The obesity paradox: defining the impact of body mass index and diabetes mellitus for patients with non-muscle-invasive bladder cancer treated with bacillus Calmette–Guérin

Nathan A. Brooks, Andrea Kokorovic, Lianchen Xiao, Justin T. Matulay, Roger Li, Weranja K.B. Ranasinghe, Supriya Nagaraju, Yu Shen, Jianjun Gao, Neema Navai, Colin P.N. Dinney, H. Barton Grossman, Ashish M. Kamat

Research output: Contribution to journalArticleResearchpeer-review

1 Citation (Scopus)

Abstract

Objectives: To evaluate if the obesity paradox, wherein obesity portends worse overall prognosis for a disease but improved outcomes for patients receiving immunotherapy, exists for patients receiving bacillus Calmette–Guérin (BCG) in a contemporary cohort. Patients and Methods: We performed an Institutional Review Board-approved database review to identify patients with non-muscle-invasive bladder cancer (NMIBC) completing at least an induction course of BCG. Clinicopathological variables collected included: body mass index (BMI), medications, and diabetes mellitus (DM). Outcomes of interest included: recurrence-free (RFS), progression-free (PFS), cancer-specific (CSS), and overall survival (OS). Univariate and multivariate modelling were used to evaluate the association between outcomes and clinical factors. Results: A total of 579 patients (median follow-up 4.6 years) received BCG induction for NMIBC; 90% had high-grade disease (47.2% clinical stage T1). In all, 75.7% of patients were overweight or obese and 18% had DM. Aspirin, statins, metformin and β-blockers were used in 34%, 42%, 11%, and 29% of patients, respectively. Overweight and obese patients had improved PFS, CSS and OS. DM was associated with worse RFS. Medications of interest had no association with outcomes. Conclusion: Elevated BMI is associated with improved outcomes in patients with NMIBC treated with BCG immunotherapy. Patients with DM are at increased risk of recurrence. These findings support a potential obesity paradox in bladder cancer. Evaluation of the underlying mechanism and the role of global patient assessment, counselling, and risk factor modification are warranted.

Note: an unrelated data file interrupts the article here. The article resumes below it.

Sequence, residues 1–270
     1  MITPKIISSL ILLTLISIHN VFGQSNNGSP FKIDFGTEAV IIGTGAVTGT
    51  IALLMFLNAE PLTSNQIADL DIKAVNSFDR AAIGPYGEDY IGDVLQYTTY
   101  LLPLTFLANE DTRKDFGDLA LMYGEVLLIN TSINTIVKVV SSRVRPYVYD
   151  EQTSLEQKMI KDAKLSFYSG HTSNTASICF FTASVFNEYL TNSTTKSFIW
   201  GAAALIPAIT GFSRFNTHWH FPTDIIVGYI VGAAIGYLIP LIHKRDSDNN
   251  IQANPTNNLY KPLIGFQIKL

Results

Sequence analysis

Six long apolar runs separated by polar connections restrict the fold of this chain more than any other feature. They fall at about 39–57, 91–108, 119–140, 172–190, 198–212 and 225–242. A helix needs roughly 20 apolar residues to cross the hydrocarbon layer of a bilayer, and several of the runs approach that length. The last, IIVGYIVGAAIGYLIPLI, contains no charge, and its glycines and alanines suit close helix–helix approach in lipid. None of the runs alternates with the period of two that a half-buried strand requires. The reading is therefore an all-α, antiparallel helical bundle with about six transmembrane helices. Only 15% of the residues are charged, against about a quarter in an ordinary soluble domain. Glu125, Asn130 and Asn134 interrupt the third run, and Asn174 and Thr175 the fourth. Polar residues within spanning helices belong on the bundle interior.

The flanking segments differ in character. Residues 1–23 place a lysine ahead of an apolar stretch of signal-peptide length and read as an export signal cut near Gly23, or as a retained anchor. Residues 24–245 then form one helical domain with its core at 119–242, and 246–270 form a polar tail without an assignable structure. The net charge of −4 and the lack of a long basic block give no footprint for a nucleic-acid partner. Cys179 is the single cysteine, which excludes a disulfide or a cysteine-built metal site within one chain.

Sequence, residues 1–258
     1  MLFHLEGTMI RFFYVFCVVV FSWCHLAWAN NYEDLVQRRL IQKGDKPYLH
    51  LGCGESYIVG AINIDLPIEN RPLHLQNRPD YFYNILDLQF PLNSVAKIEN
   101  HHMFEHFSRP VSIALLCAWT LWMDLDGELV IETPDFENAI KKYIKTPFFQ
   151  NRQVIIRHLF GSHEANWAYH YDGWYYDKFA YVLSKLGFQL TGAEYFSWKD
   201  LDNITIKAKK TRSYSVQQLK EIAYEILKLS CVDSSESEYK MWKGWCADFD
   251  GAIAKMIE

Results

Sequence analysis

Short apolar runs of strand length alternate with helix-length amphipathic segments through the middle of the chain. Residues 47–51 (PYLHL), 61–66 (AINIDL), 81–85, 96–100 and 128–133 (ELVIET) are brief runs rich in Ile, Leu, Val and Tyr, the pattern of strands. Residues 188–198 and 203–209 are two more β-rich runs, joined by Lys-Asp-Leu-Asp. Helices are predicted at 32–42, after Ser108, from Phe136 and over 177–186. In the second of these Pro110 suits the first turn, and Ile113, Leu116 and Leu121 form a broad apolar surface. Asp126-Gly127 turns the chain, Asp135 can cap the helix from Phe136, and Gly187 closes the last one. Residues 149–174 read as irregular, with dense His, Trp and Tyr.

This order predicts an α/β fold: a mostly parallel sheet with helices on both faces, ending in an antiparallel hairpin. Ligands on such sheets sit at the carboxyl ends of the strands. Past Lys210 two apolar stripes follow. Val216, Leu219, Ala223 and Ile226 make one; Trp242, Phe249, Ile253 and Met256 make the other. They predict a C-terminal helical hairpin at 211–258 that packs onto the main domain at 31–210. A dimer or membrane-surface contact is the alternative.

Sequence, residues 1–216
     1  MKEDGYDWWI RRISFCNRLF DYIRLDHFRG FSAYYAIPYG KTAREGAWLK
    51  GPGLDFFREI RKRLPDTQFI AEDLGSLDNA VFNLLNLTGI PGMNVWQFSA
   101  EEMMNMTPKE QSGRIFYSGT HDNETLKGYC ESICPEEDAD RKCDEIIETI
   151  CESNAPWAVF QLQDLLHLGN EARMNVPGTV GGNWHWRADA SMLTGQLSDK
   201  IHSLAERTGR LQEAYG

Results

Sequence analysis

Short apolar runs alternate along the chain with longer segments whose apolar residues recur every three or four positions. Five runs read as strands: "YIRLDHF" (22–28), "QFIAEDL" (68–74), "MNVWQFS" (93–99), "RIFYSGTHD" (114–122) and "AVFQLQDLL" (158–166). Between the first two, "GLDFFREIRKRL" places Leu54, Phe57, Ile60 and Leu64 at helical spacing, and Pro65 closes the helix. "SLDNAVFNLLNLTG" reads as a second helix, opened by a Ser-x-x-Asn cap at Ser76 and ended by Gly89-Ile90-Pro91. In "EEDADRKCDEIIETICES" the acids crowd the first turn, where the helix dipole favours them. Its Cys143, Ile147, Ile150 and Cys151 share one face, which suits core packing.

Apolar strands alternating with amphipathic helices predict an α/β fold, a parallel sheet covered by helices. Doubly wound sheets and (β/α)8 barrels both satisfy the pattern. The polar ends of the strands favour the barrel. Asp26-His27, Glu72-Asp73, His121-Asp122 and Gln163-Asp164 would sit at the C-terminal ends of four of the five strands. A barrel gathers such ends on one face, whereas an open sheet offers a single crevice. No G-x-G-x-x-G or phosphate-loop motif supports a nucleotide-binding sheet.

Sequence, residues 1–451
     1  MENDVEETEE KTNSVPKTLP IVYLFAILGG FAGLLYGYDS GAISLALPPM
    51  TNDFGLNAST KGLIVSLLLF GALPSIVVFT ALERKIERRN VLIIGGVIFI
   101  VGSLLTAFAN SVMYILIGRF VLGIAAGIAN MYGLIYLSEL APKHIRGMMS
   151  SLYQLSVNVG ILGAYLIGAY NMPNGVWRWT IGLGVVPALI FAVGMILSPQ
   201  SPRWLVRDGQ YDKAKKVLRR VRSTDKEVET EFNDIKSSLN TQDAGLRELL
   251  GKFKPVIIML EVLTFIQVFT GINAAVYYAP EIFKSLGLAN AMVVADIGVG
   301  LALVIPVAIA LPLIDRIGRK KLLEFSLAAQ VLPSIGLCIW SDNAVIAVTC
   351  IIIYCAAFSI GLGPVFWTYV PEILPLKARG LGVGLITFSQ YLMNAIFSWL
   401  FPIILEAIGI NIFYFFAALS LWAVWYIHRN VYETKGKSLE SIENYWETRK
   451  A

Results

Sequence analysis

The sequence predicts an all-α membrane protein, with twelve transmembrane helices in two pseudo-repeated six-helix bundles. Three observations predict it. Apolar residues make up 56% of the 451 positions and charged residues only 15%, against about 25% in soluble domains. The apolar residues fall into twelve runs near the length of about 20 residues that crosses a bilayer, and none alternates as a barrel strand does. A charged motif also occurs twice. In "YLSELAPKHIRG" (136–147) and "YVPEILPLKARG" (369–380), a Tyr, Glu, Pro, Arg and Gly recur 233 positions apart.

Original languageEnglish
Pages (from-to)65-71
Number of pages7
JournalBJU International
Volume128
Issue number1
DOIs
Publication statusPublished - Jul 2021
Externally publishedYes

Keywords

  • #Bladder Cancer
  • #blcsm
  • #uroonc
  • Bacillus Calmette–Guérin
  • body mass index
  • diabetes mellitus
  • non-muscle-invasive bladder cancer
  • obesity paradox

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